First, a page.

State Management using Riverpod in Flutter

State Management using Riverpod in Flutter

Riverpod is a Flutter Favourite State Management Library, which is an upgraded version of the Provider package. It fixes the issues persisting in the Provider package and also improves the time and space complexity. In this post, we will discuss what is the use of Riverpod in Flutter and how to use it in our applications.

Pre-requisitives 📦

The ValueNotifier and ChangeNotifier are required as they are used in combination with RiverPod. Firstly we will briefly discuss the Provider and its drawbacks so that we can understand the need for Riverpod.

Basics for Provider 🧢

When we want to share data across multiple pages/widgets we use State Management Techniques. One of the basic solutions to this is Dependency Injection. This means that we simply inject the dependencies into the widget tree via Constructor so that the descendants can directly access it. Issues with this approach are :

  • As the app grows so does the number of parameters in the constructor.
  • There is no way to get updated in the Widget Tree if data changes.

A Native Solution to this is Inherited Widget. We simply inject the dependency and we can access it in the widget tree using the BuildContext. One issue that we face with Inherited Widget is that too much boilerplate code is involved while implementing an Inherited Widget. To solve this issue Provider was introduced by Rémi Rousselet (the author of Provider).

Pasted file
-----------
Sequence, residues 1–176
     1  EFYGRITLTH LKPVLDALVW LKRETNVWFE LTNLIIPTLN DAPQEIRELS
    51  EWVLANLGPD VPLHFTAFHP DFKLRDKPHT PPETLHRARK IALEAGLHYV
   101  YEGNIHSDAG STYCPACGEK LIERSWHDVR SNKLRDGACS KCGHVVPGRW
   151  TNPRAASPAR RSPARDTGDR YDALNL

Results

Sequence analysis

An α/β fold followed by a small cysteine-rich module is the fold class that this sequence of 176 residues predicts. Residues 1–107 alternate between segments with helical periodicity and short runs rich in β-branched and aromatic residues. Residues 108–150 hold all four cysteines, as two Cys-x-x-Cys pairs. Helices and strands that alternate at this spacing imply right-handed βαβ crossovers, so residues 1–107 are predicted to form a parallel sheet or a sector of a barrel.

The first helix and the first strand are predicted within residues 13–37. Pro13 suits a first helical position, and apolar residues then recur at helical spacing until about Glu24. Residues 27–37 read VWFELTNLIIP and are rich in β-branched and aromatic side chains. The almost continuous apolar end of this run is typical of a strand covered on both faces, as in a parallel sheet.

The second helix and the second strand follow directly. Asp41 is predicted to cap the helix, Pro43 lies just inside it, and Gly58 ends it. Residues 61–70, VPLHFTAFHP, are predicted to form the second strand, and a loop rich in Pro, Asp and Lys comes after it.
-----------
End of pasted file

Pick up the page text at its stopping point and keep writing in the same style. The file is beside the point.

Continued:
Provider is InheritedWidget but simplified.

Using Provider you can simply create your Data Providers and Consume them down the Widget Tree. To create Providers which update on some events, ChangeNotifier and ValueNotifier are used in combination with Provider. These are the three methods using which we can use Provider:

  • Simple Non-Reactive Provider – Provider<T>
  • Reactive ChangeNotifier Provider – ChangeNotifierProvider<T>
  • Reactive ValueNotifier Provider – ValueNotifierProvider<T>

Issues with Provider 🔽

The provider is more than enough for small to medium size projects. However, we face some issues while using the provider:

  1. Results in Runtime Error, in case of the wrong implementation.
  2. Code gets coupled as the widgets are used to provide dependencies.
  3. Can not inject two dependencies of the same type.
  4. Requires BuildContext to use dependencies.

Introduction to Riverpod in Flutter 🎏

To fix all the issues persisting in Provider, the author of provider himself introduced Riverpod. Which improves the efficiency of listening and removing listeners as well. It can be implemented with ChangeNotifier and ValueNotifier. On top of the Provider package, it provides integration with StateNotifier as well. In Riverpod:

  • We can identify errors at compile time.
  • Now multiple dependencies of the same type can be injected.
  • No BuildContext required thus can be used in pure Dart projects as well.

StateNotifier is similar to ValueNotifier, however unlike ValueNotifier no one can modify the current State of the StateNotifier from outside the class.

To add Riverpod to your project, simply add the dependency in pubspec.yaml:

dependencies: